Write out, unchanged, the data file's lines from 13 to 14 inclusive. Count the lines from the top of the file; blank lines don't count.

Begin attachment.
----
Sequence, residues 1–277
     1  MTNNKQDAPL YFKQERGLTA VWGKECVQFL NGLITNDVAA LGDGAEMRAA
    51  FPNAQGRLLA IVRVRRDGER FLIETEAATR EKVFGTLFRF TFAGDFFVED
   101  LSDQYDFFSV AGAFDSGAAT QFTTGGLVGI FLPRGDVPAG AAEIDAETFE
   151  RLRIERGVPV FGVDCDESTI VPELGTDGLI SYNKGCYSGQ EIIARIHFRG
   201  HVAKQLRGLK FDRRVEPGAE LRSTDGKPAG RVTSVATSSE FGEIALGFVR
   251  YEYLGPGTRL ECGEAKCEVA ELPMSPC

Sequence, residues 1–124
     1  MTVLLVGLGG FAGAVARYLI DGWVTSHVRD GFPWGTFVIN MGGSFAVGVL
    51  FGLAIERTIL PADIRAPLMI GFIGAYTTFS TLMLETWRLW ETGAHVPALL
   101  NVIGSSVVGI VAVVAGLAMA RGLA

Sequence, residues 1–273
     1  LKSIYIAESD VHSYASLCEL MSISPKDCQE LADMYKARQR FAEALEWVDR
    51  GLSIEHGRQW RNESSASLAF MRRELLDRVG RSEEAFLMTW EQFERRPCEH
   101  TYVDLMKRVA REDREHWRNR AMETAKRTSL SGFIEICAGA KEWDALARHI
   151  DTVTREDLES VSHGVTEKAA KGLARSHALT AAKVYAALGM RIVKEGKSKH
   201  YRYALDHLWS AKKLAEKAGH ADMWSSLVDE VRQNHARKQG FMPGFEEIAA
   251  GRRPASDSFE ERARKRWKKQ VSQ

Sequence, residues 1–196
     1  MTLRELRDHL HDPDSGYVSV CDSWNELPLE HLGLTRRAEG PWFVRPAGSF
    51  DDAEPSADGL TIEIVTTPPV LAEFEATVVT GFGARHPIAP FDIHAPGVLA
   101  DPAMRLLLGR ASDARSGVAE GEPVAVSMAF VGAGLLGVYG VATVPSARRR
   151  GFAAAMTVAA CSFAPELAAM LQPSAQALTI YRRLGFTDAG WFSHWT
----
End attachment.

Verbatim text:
     1  LKSIYIAESD VHSYASLCEL MSISPKDCQE LADMYKARQR FAEALEWVDR
    51  GLSIEHGRQW RNESSASLAF MRRELLDRVG RSEEAFLMTW EQFERRPCEH